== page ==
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It was Roald Dahl Day at school yesterday.

There were some amazing costumes.  My particular favourite amongst the ones the children wore was a teeny, weeny child who arrived for his very first day at school ever, dressed as one of the squirrels from Charlie and the Chocolate Factory.

He looked amazing.

Tallulah, my ten year old, went as Aunt Spiker and looked suitably spindly and spider like. We stuck knitting needles in her bun to make her look extra mad, and it worked beautifully.

Oscar, , my son, went as Mike Teavee from Charlie and the Chocolate Factory.  Apparently I let him down badly by failing to buy him a holster and two six shooters, but he coped admirably despite my uselessness.

I went as Willie Wonka.

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I thoroughly enjoyed dressing up, which is unusual, because it’s not really my forte, but I think I have a great deal in common with Mr. Wonka, so that may be why it worked so well.  We are both rather eccentric, and have an excellent nose for chocolate.

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And we don’t mind coming across as a bit mad.

It was wonderful to see how much effort the children had put into their costumes and how creative they could be.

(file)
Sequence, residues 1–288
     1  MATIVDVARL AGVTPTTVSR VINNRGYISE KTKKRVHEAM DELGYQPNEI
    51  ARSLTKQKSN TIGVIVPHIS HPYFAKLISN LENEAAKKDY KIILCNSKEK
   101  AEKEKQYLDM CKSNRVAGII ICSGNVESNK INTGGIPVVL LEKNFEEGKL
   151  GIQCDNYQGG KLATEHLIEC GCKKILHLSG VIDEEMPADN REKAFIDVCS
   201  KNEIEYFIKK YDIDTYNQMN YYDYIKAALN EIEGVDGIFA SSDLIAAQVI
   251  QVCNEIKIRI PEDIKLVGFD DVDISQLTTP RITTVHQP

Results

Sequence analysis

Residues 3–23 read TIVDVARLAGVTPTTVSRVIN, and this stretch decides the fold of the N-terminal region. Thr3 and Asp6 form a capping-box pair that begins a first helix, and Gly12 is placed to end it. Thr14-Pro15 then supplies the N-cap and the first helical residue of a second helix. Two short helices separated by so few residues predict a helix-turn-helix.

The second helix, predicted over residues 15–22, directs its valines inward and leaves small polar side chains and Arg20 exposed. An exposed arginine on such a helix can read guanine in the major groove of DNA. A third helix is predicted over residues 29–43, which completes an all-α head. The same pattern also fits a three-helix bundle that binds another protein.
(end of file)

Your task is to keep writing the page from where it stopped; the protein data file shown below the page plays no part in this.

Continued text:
I loved the fact that the costumes meant that the children were all talking to each other about books, guessing which child was which character, talking about what books they came from, and talking about what their favourites were.

Each teacher had a pack from the Roald Dahl day website which had a range of activities for the children to do over the day alongside their regular lessons.  The KS2 classes also tuned in to the Puffin Live event which was streamed over the internet.  Hosted by Michael Rosen, author of a new book about Dahl, and with guests such as actresses from the hit musical Matilda, and Dahl’s daughter Lucy, it was a fascinating show.

The younger classes had story time instead, and I had an excellent afternoon reading to Class Two from George’s Marvellous Medicine.

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